Thus far, the only candidate aside from Ardern to put himself forward is former MANA Movement candidate and Unite unionist Joe Carolan. The Irish-born far-left activist says he will contest the electorate under the “Socialists” banner, and says New Zealand needs to bring “the ‘s’ word” back to the mainstream. He’ll be running on a series of left-wing policies, including a $20 minimum wage, rent controls, the “physical” halting of state house tenant evictions, “standing against racism”, supporting local environmental/eco initiatives, funding playcentres and increasing taxes on high income earners.

The National Business Review (NBR) has also reported that Green Party transport spokesperson Julie-Anne Genter is considering entering the race against Ardern.

FEATURE: The talented 19 –  the MPs Hooton says Labour needs

The National Business Review (NBR) has published an article penned by right-wing commentator Matthew Hooton titled “How Labour can win” in which he refers to nineteen talented Labour up-and-comers that he believes need to be fast-tracked to parliament.

Hooton also lists MPs that he believes have spent their worth, over-stayed their welcome, or display no political talent at all. Namely, and in no particular order: Trevor Mallard, Ruth Dyson, Annette King, Nanaia Mahuta, Sue Moroney, Clare Curran, Kris Faafoi and Adrian Rurawhe.

Trevor Mallard and Annette King were first elected to parliament in 1984, when David Lange became Prime Minister. Mallard was the MP for Hamilton West and King the new MP for Horowhenua. On the other hand, Adrian Rurawhe was only elected just over two years ago as the MP for the Eastern Maori seat previously held by Tariana Turia.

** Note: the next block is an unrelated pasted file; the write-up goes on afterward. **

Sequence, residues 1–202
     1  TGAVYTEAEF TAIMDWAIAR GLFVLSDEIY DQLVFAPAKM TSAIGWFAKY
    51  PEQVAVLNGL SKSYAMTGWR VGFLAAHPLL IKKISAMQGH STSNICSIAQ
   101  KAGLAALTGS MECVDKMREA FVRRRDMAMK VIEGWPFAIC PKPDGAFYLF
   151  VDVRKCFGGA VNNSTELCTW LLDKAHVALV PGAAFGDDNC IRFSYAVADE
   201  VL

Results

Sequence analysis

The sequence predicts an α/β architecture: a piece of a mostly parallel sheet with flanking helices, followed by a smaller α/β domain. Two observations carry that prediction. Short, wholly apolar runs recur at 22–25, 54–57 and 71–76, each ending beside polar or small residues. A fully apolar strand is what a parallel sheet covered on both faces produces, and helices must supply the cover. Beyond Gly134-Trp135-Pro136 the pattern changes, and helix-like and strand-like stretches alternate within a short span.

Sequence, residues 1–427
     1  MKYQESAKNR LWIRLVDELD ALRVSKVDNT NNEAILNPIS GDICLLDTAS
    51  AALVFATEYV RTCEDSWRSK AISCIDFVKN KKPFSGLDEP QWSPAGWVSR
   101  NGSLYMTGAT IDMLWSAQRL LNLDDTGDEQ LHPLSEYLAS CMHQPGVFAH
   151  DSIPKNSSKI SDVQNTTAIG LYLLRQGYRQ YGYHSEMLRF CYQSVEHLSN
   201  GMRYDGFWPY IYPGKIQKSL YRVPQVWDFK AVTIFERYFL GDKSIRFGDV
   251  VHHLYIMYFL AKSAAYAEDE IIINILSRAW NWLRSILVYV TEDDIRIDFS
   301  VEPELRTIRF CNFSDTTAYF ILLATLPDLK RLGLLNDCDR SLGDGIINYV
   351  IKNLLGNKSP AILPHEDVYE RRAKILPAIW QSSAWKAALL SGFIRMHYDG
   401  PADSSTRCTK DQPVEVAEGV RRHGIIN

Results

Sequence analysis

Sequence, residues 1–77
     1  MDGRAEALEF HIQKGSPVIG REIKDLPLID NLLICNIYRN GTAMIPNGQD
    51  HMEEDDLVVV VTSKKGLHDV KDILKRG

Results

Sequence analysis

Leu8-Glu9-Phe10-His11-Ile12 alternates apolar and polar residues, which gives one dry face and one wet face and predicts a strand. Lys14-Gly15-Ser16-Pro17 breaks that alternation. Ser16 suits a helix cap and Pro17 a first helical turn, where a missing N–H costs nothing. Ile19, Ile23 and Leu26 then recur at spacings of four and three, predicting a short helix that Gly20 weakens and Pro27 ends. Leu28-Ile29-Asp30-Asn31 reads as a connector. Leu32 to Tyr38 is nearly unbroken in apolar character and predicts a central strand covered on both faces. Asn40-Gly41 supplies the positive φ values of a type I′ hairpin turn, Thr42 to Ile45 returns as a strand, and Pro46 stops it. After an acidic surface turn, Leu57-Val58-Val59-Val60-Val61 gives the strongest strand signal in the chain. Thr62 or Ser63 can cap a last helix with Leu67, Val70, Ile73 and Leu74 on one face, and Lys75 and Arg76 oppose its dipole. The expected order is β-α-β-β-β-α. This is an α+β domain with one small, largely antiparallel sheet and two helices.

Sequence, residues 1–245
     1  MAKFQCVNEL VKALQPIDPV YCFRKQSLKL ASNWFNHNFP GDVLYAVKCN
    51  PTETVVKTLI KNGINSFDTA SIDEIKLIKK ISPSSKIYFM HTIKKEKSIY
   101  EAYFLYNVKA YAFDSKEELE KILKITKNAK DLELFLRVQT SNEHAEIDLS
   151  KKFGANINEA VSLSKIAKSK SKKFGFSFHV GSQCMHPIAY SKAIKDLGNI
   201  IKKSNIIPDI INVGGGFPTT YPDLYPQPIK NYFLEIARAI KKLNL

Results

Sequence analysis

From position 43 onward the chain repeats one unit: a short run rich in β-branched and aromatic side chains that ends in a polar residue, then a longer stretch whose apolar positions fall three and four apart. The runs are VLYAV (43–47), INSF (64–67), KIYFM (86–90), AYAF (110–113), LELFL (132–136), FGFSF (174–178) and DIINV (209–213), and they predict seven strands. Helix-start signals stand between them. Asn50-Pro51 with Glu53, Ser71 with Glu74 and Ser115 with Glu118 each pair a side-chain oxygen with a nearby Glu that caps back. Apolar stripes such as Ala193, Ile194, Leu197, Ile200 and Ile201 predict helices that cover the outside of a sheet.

Hooton calls these MPs the “deadwood”.

The National Party, to the contrary, have been refreshing well with the resignation of nine PMs. Among those, Maurice Williamson and Murray McCully who have served in parliament since 1987.

So, who does Matthew Hooton see as Labour’s talented upcomers waiting in the wings? Let’s take a look at these ‘fresh faces’. Here are the top 10:

1. Ginny Andersen
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Andersen was Labour’s candidate for the extremely marginal seat of Ohariu, held by Peter Dunne. She has been selected as the party’s candidate to contest Hutt South at the next election, which could easily swing to National’s Chris Bishop who has newfound name recognition. With the loss of Andersen’s talent in Ohariu, where she shrunk Peter Dunne’s majority to its smallest ever in 2014, Labour and the Greens have since struck a deal in the electorate.

A 2014 article for The Standard blog declares Andersen a “rising star” and “very impressive”. She comes from a unionist background with family members holding jobs in teaching, trucking and nursing which inspired her to join the Labour Party. She is a mother and spent the election campaign pregnant with her newest and says her family, like many others, struggles to foot the bills and grocery prices – a message which could well work for her in the comparably poorer Hutt South.

2. Campbell Barry

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Barry also contested Labour’s pre-selection to take on Bishop. After losing out to Andersen, commentator Chris Trotter complained it was Labour’s “man ban” in action and that the party was preferring gender balance over talent. He currently serves on the Hutt City Council as the local member for Wainuiomata. Barry, a rugby player, also previously served on the Wainuiomata Community Board after spending years overseas.

3. Duncan Webb